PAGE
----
Proyecto Azuero later had a workshop to show us how to carve things out of gourds called Totumas. Gourd trees grow throughout the region including in the town. By carving designs out on the outside, then hollowing out the inside, and then allowing to air dry, you can make drink cups (very popular), planters, wall hangings, etc. I had bought two of these already made cups previously, not realizing what they were actually made from. This time I carved a butterfly and made a small planter.

I attended a couple of classes elsewhere to learn how to make “Tembleques”, the beaded headpieces worn with the traditional “Pollera” dress. It involves very intricate small beads and a lot of counting & time. A full headpiece would include 24 Tembleques on each side. I only made one Tembleque in each class. Tembleque means wiggle or wobble because they do just that when worn on the head.

A local Art Center has opened up on Pedasí and I have taken a few classes offered there including one of the tambleque classes and another painting with acrylics. Never considered myself much of an artist, but I do have my painting of a turtle on the wall above my desk at home now. I wouldn’t say it is anything that could be sold at a showing, but it is my masterpiece.

We were in the news.

Several of us took a folk-dancing class at the Art Center awhile back. We learned two Panamanian folk dances, one with a partner. Later we presented our dances at a show at the Art Center in full costume. A lot of work, but really fun and we were well received by the local Panamanians. Hope I can do it again if another class is scheduled.  I was really looking forward to dancing in the “Desfile de Las Carretas: (Cart Parade) this year, but unfortunately I contracted cellulitis in my leg again and had to keep off of it for about a week. And the Art Center has closed for now, but there are other opportunities and venues.

I now have set up a small table on the back patio and shelves with art supplies, seashells, etc to start doing projects on my own. Besides walking on the beach, arts & crafts gives me a sense of comfort and satisfaction. Add some music and I am fine creating new things even if they are just for my own pleasure for now. 

No one can really say there isn’t anything to do in Pedasí. If one gets bored, they really have no one to blame but themselves. Besides the workshops and classes I have attended, there are many more activities offered here – writing & drawing classes, reading to children, Spanish lessons, teaching English & Art to children, beautification projects, reforestation projects, whale watching, fishing, photography & business courses, an exercise gym, Zumba, Belly Dancing, live music & dancing, Karaoke, Women’s groups, Men’s groups, Children’s groups, beach clean-ups, Sea turtle egg watches to protect against poachers, Animal Advocates (which I am also a member of) for low-cost sterilization clinics & pet care education, drum & ukulele lessons, etc., etc., etc. And there is always a walk on the beach or around town. This Sunday Mikkel and I have signed up for a tile mosaic class. There is something that should interest everyone looking for something to do.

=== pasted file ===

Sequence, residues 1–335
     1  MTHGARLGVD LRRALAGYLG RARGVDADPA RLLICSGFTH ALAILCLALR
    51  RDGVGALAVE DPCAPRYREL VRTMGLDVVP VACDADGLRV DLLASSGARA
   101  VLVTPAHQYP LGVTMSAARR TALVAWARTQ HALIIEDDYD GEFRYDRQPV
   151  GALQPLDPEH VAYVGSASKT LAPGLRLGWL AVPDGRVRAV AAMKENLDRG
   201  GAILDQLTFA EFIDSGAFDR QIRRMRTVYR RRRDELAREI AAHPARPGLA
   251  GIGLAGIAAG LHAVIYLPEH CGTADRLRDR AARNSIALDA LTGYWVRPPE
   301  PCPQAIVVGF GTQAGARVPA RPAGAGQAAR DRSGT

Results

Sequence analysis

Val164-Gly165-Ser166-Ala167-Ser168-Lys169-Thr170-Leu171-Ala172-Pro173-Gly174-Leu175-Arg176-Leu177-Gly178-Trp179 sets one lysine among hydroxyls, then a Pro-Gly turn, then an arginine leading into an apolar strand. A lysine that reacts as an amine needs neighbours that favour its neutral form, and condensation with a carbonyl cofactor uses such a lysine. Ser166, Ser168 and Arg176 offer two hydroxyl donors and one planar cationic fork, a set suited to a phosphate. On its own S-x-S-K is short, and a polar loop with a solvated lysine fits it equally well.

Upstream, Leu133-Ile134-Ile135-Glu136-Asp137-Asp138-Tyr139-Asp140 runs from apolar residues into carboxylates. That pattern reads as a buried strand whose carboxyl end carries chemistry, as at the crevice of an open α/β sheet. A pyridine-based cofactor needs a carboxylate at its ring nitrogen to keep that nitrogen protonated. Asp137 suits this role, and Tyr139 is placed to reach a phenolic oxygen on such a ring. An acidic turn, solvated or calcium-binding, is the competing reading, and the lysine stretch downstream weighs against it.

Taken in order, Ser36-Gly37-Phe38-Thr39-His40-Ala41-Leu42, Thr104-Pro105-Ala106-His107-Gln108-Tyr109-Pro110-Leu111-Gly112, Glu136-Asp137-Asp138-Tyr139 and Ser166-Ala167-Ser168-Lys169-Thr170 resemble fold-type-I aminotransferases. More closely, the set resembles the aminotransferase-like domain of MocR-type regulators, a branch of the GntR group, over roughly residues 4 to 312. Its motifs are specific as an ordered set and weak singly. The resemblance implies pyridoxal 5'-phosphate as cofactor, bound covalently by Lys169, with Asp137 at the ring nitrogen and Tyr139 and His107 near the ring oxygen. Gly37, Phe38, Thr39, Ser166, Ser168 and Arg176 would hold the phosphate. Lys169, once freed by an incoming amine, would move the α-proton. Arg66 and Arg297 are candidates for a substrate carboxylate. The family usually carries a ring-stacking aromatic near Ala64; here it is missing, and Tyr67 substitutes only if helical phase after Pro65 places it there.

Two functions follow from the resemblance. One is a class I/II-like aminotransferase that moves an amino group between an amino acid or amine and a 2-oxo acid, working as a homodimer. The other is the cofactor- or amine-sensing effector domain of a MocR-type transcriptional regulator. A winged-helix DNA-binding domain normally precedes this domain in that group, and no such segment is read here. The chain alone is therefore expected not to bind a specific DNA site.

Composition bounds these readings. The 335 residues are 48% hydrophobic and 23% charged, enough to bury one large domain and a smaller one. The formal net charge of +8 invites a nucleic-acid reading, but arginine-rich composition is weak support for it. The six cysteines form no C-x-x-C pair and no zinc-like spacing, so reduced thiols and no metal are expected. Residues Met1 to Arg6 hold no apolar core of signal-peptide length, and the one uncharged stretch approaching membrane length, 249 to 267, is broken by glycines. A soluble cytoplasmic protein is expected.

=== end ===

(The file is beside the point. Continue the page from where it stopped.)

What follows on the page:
Well, this was fun. Maybe I’ll write some more soon in my spare time between all my activities. We’ll just have to wait and see.


3 thoughts on “Arts & Crafts in Pedasí

  1. Edward Rumsby says:

    Sorry to hear about the loss of your son. Hope your friends, family and activities ease your pain. Great post that shares how great and supportive the people of Pedasi are. I certainly miss it and have very fond memories of my visit there. Be well.

  2. Winifred Wilson says:

    So happy to see this post from you and to read your update. I was so sad to learn about your son and am horrified that somehow I must have missed reading about your loss when it happened. I am sending deepest condolences to you even although I am late. Please continue to write your blog and also continue your healing.